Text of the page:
There’s much to be said for subtle animations. They serve no functional purpose, and yet they immerse the player in the world and make it feel full of life and vibrant. One of the shortcomings of the base game is that many non-functional, ‘ambient’ animations consist of only a single frame. Walk into any bar in the game and its patrons will sit idle, lifeless for all time.
There’s much that can be done to address this. Any piece of furniture with a ‘use’ function – cages, chairs, beds, crafting benches – allows for an animation to play while in use. What’s more, these functions can manifest a tool. The title image has a character kneeling in a warrior’s prayer. Now, I can’t force him to draw his weapon while doing so, but I can give him a prop to use while he’s doing it.
Let’s delve into the many uses of idle animation.
Above, I’ve replaced the default standing animation with a more interesting variant. Combined with a little movement and shuffling about, this hapless prisoner suddenly appears aware of his situation. He’s in a cage, he’s looking about, he shuffles from foot to foot now and then. Alive.
What about unique or special characters I want to draw particular attention to?
To prevent a follower from playing the same animation, I can repurpose a throne into a hidden node. By ordering specific (i.e. important) characters to wander around their building using these nodes, I thus force them to call specific animations, such as the map study animation seen here:
This animation is a prime example of special use events that add both flair to an important NPC (here, General Tycho of the Empire), and helps to highlight them to the player. Guards stand around idle, vigilant for threats. Important NPCs and leaders should not. By spreading out multiple instances of special furniture, they’ll periodically wander around doing different things appropriate to their purpose in the game, and to the world-building. Remember that warrior’s prayer? Wordlessly, your understanding of this character deepens – how do they think; what sort of personality do they possess?
Now for something more advanced.
It’s possible (though a headache to animate) to have props leave a character’s hand. On the skeleton, the bone that a prop is linked to follows the hand bone, meaning every frame has to be manually adjusted. Yet by doing so, neat animations like this coin or knife toss are possible:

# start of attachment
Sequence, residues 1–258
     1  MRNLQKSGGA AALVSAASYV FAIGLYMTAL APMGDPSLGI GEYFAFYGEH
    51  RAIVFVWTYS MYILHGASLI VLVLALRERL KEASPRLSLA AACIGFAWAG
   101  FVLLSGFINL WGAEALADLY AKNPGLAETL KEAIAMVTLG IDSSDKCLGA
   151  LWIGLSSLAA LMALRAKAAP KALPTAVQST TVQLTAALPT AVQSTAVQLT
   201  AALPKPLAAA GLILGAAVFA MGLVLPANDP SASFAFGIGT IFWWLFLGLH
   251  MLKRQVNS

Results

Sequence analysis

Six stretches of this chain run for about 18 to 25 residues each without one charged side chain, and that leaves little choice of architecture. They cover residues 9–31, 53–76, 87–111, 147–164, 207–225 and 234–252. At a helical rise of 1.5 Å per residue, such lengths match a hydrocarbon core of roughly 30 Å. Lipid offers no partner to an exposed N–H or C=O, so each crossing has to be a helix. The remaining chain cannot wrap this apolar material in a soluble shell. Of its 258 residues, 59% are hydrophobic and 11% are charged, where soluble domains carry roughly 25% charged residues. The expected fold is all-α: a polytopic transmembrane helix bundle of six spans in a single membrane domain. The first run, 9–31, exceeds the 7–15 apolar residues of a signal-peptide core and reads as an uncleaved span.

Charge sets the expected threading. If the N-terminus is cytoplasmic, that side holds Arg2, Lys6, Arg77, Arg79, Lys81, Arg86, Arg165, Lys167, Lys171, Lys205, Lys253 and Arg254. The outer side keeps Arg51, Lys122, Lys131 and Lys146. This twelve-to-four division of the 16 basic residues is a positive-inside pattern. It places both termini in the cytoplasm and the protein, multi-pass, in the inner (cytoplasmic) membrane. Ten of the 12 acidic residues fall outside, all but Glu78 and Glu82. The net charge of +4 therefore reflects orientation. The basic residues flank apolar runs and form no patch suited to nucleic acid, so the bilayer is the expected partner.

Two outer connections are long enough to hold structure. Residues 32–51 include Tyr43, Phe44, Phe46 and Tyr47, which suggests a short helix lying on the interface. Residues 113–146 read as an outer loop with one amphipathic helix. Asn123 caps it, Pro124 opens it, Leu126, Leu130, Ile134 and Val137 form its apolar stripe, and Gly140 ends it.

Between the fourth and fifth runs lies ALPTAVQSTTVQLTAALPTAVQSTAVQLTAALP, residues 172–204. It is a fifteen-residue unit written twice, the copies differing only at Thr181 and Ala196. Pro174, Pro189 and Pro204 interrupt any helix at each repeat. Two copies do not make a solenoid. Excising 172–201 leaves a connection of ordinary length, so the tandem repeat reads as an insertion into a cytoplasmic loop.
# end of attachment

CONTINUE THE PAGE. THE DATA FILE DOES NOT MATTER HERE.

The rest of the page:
So, what animations are finished? In total, around twenty. At the moment, they’re centred around important NPCs, and bars patrons. Barkeepers will pour drinks, mop the floor and wipe down surfaces. Patrons use a variety of drinking animations to sip from a cup, will study books and peruse maps. Overall, while far less complicated than combat animation, there are still minor details to pay attention to; robots, for instance, who shouldn’t drink in bars owing to the fact that they’re (wait for it) … robots. In this case their cup is hidden inside their chest, and they sit with an override animation to prevent them from drinking anything.
I have much more scrawled on a to-do list. I’ll probably publish a comprehensive overview of these somewhere, though for now the rest is shelved while I work on more critical things. That being said, here’s a quick rundown:
- Lively, in-depth crafting
- Machinery repair; generator re-filling
- Shelf stacking
- Perusing of wares
- Scribe work
- Sword drills
Interestingly, the method of using animation described here doesn’t force a character to stay rooted to one spot. In technical terms, this means that the ‘root’ bone is free to move around. So, with care and attention, I can handle complex events, such as characters carrying boxes around a short distance. You know, actually acting as labourers and craftsmen.
What can you expect to see in the next update?
For now, the animation is used sparingly, much of it hand-placed. However, when I’m further down the pipeline with this feature I’ll implement this stuff more randomly so that building layouts and their associated animations are distributed more naturally.